How does ARPA apply to California employers?

For California employers who are not covered by SB 95 (i.e. have less than 25 employees), such employers may elect to provide up to 80 hours of COVID-related paid sick leave and up to 12 weeks of extended FMLA leave to their employees. Employers who elect to provide such paid sick leave or extended FMLA leave can qualify for certain payroll tax credits. Such employers are not required to provide such paid sick leave or extended FMLA leave.

What are the qualifying reasons for ARPA paid sick leave?

Employers, who are not covered by SB 95, may elect to provide paid sick leave for the previous six reasons under the FFCRA(3) in addition to the following two new reasons:

  • the employee is seeking or awaiting the results of a diagnostic test for, or a medical diagnosis of, COVID–19 and such employee has been exposed to COVID–19 or the employee’s employer has requested such test or diagnosis; and
  • the employee is obtaining immunization related to COVID–19 or recovering from any injury, disability, illness, or condition related to such immunization’ after medical diagnosis.

What are the qualifying reasons for ARPA extended FMLA leave?

Employers may elect to provide paid extended FMLA leave for the same six reasons for paid sick leave under the FFCRA as well as the following two new reasons:

  • the employee is seeking or awaiting the results of a diagnostic test for, or a medical diagnosis of, COVID–19 and such employee has been exposed to COVID–19 or the employee’s employer has requested such test or diagnosis; and
  • the employee is obtaining immunization related to COVID–19 or recovering from any injury, disability, illness, or condition related to such immunization’ after medical diagnosis.

If a California “covered employer” provides COVID-19 Supplemental Paid Sick Leave under SB 95, will that employer qualify for payroll tax credits under ARPA?

It is unclear. California employers may or may not qualify for payroll tax credits for providing up to 80 hours of required COVID-19 supplemental paid sick leave to an employee for reasons that also qualify under the FFCRA and ARPA. The IRS has not yet issued guidance regarding eligibility for tax credits under ARPA. Employers should consult tax counsel to evaluate eligibility for tax credits.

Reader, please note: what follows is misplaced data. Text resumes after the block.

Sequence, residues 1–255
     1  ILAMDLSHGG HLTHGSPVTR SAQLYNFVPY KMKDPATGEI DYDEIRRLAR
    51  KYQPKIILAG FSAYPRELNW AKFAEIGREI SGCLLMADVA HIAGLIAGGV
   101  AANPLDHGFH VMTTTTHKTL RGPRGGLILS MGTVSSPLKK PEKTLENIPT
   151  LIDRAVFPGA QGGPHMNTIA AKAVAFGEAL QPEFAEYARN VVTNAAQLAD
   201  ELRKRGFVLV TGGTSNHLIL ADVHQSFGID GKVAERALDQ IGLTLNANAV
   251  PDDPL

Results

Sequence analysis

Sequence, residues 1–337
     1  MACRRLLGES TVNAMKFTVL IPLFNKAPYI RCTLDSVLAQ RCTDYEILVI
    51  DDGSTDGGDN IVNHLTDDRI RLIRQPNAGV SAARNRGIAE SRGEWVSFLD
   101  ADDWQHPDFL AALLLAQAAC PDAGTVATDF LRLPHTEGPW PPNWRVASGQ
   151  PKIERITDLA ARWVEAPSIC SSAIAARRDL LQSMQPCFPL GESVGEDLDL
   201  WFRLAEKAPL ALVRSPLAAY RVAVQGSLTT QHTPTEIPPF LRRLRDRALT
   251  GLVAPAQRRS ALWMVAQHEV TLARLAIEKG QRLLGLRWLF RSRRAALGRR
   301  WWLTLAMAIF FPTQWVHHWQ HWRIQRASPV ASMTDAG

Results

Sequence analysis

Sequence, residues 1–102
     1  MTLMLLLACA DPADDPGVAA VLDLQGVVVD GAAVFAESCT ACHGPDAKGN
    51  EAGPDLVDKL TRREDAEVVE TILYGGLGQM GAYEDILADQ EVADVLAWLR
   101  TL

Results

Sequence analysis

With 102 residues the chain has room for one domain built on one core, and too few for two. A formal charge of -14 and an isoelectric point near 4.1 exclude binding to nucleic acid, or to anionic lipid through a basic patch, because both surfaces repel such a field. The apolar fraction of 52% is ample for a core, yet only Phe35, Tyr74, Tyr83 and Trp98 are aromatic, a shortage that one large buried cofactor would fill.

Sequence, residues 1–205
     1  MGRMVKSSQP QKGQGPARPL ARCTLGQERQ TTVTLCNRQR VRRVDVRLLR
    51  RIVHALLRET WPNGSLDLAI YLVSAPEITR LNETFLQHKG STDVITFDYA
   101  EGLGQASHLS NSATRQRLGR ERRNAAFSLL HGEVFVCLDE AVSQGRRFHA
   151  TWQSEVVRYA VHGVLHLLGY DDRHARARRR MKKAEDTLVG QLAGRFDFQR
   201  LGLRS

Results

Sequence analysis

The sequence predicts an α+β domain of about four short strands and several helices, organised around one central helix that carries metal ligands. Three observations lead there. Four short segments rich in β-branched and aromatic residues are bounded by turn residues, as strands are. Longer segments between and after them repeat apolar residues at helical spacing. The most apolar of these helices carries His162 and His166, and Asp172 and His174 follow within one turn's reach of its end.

Can an employer qualify for tax credits for providing extended family leave under ARPA?

Yes. An employer may receive a tax credits for voluntarily providing up to 12 weeks of extended FMLA leave for qualifying reasons under the FFCRA and ARPA beyond any COVID-19 Supplemental Paid Sick Leave.

California “covered employers” should immediately distribute the model COVID-19 Supplemental Paid Sick Leave notice published by the state Department of Industrial Relations to their employees. Employers should also work with their payroll providers to separately list the payment amount, available hours and rate of pay for COVID-19 Supplemental Paid Sick Leave on all employee wage statements. Although the Internal Revenue Service has promised to publish guidance regarding employer eligibility for payroll tax credits for COVID-19 paid sick leave, it is unclear when such guidance will be available. In the meantime, we recommend that employers work closely with employment counsel to discuss options for complying with the new laws.